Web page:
The House in the Cerulean Sea by T. J. Klune is the kind of book that paints you into an entirely new, fantastical world, and you may find yourself wishing you never left. Our humble protagonist, Linus Baker, is an employee of DICOMY (Department in Charge of Magical Youth) who spends his days evaluating orphanages that house, teach, and often abuse magical children in a land where extreme prejudice against those with magical capabilities runs rampant. When he finds a master of an orphanage to be unsuitable, he makes a recommendation in his extremely thorough report to have the master removed. He does not allow himself to think about the displacement of the children from their previous home to a DICOMY-run school as a result of his investigation. He is the ideal employee- detailed, motivated by his belief that all children deserve to be kept safe, but always distant from the children. He never crosses an emotional boundary to allow his heart too close to his investigation.
Until he travels to the titular home, the House in the Cerulean Sea, filled with the most dangerous of children and a master who in his own right is more than Linus knows how to handle. He meets six extraordinary children whose existence questions the limits of human empathy (e.g., how would you feel about the son of Lucifer?). As much as he tries to remain professionally distant, his previously impenetrable boundaries come shattering down like the pieces of a hundred records falling off of a small, scared child’s bedroom wall. The children and their master-turned-father make their way into his heart and help him learn that truly protecting magical children comes not from a comprehensive report, but with genuine compassion and love.
There is a beautiful scene in an ice cream shop where Linus is comforting one of the children after a townsperson makes a hateful and disparaging remark. Linus states, “It is not fair, the way some people can be … Hate is loud, but I think you’ll learn it’s because it’s only ever a few people shouting, desperate to be heard. You might never be able to change their minds, but so long as you remember you’re not alone, you will overcome.”
This interaction touched me for two reasons. In a literal sense, this quote reminded me of our current national climate. With so much discrimination and isolation, it is easy to feel overwhelmed and to feel like giving up. It is crucial to remember that hatred is loud, but love is everywhere, if only we look to find it when we need the strength to keep speaking out.
A more nuanced interpretation of Linus’ words reminded me of an experience I had at work delivering an unfavorable prognosis. I had grown close to a patient over numerous days, following them, watching their journey unfold, and trying my best to connect with them every morning. On my last day, the attending trusted me to share a negative piece of information we had just discovered about their prognosis. We all went into the room, and I sat to try to explain the best I could. I stumbled over part of my explanation as my mind struggled to find the right words while coping with my sadness. After we left, I felt deeply heartbroken about my patient and wished I could have done a better job. I wondered if I had gotten too close, allowing myself to become too invested.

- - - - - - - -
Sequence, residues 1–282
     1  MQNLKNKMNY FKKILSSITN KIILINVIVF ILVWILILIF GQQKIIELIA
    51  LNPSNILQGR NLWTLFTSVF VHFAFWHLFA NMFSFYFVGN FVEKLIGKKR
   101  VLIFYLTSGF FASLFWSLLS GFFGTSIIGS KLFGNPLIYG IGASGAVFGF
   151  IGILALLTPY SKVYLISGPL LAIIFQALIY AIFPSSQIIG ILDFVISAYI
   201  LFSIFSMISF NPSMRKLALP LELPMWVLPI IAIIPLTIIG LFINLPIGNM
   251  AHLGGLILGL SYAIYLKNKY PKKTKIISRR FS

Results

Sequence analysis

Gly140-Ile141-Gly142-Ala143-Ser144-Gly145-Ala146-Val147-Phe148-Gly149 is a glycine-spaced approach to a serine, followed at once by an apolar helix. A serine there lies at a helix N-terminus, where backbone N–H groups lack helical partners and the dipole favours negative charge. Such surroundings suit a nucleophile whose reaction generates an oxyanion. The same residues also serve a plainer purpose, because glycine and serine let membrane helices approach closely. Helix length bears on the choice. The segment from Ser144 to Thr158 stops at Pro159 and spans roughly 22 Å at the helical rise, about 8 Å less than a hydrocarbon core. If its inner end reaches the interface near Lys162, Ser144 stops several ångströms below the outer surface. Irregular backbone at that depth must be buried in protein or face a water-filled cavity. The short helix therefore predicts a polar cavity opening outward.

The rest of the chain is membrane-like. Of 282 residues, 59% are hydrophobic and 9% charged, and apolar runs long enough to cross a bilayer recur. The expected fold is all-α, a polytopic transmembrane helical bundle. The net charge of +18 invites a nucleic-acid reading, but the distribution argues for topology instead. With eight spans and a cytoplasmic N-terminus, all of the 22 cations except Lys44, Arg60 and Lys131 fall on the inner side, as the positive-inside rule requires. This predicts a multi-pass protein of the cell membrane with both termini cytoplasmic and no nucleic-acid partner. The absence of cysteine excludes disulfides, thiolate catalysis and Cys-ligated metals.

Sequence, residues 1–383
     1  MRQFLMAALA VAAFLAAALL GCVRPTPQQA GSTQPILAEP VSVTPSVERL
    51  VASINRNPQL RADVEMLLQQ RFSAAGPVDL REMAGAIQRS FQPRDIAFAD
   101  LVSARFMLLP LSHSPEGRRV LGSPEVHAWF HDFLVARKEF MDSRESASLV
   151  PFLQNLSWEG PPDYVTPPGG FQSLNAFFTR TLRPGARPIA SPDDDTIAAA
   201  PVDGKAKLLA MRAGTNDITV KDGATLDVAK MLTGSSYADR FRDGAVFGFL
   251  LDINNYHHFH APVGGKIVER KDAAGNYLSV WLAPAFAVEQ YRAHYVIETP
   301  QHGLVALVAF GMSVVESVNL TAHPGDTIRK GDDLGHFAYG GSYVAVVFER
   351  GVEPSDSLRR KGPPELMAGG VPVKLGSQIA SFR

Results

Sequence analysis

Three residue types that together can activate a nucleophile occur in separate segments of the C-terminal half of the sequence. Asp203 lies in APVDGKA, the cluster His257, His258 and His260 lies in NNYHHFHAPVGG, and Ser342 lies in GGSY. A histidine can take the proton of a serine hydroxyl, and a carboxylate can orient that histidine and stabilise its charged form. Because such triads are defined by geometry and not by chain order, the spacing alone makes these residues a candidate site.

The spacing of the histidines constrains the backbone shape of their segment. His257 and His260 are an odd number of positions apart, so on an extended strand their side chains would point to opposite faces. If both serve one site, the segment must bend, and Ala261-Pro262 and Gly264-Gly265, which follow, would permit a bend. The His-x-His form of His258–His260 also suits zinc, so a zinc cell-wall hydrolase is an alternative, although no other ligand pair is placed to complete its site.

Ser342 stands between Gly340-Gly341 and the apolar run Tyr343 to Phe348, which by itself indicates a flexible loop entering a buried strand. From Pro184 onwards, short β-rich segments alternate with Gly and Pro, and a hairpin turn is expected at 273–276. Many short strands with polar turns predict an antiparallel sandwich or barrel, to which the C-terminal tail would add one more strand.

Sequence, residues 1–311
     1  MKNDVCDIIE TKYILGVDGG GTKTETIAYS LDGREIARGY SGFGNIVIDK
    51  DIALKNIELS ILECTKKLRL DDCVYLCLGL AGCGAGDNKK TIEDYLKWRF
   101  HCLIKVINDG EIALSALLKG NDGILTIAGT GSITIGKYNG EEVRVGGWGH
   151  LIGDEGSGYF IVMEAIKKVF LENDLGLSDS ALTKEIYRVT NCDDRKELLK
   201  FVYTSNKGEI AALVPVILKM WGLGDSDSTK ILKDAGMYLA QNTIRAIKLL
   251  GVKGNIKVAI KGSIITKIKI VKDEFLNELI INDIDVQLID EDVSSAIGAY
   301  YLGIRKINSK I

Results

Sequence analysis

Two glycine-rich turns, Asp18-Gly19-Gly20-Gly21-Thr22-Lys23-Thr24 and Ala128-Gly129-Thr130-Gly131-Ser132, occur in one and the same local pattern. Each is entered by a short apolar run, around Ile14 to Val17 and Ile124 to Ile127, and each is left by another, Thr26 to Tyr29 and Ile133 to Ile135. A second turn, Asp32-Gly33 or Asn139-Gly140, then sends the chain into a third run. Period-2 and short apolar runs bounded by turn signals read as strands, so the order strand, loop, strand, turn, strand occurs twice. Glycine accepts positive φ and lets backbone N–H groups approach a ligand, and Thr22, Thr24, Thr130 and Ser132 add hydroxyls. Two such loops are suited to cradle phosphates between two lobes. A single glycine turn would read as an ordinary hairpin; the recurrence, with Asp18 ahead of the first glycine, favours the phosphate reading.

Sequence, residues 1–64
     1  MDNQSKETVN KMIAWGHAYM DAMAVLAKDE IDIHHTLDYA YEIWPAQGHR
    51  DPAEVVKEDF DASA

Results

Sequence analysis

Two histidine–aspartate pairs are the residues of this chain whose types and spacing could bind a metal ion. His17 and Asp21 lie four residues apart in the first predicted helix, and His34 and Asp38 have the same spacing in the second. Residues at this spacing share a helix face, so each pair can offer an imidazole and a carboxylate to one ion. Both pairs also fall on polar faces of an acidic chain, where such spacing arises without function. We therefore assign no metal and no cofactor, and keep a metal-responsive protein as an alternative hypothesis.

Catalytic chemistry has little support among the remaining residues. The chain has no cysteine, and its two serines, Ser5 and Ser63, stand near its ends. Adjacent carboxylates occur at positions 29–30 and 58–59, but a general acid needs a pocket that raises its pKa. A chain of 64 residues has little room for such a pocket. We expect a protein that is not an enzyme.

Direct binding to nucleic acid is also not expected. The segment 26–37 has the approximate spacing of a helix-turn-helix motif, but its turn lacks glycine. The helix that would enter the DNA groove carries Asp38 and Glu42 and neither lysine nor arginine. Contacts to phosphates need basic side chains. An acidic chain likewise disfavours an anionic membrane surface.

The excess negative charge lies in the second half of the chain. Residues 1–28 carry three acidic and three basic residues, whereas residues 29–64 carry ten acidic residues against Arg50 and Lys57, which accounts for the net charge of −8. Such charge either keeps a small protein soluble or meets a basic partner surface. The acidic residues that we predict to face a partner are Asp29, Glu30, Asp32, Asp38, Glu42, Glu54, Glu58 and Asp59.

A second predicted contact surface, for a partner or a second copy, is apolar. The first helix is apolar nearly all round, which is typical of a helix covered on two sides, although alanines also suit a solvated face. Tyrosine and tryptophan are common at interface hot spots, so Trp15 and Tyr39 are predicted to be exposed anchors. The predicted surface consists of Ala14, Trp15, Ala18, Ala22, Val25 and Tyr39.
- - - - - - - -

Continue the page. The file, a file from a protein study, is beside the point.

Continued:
The attending turned to me and said, “I am so glad that you connected with them and that you care so much. Some doctors will tell you to dissociate from your patients to handle the emotional toll, but a good doctor leaves something with every patient. It is okay to feel sad right now. Even in the worst outcomes, we can show them they are not going through this alone.”
I will never forget these words. This physician validated my efforts to emotionally connect with patients. This message will indelibly shape the way I allow myself to care for and become invested in the patients to come in my future. Illness is often incredibly unfair, and sometimes we cannot overcome. However unbeatable a disease may be, a doctor can always remind a patient they are not going through this alone. We can be the one to hold their hand every day and stand with them until the very end. The magic of medicine sometimes lies in the brilliance of a treatment or cleverness of a diagnosis, but most often, it stems from the empathy of one heart opening itself to another.
Claire Brown is a medical student.
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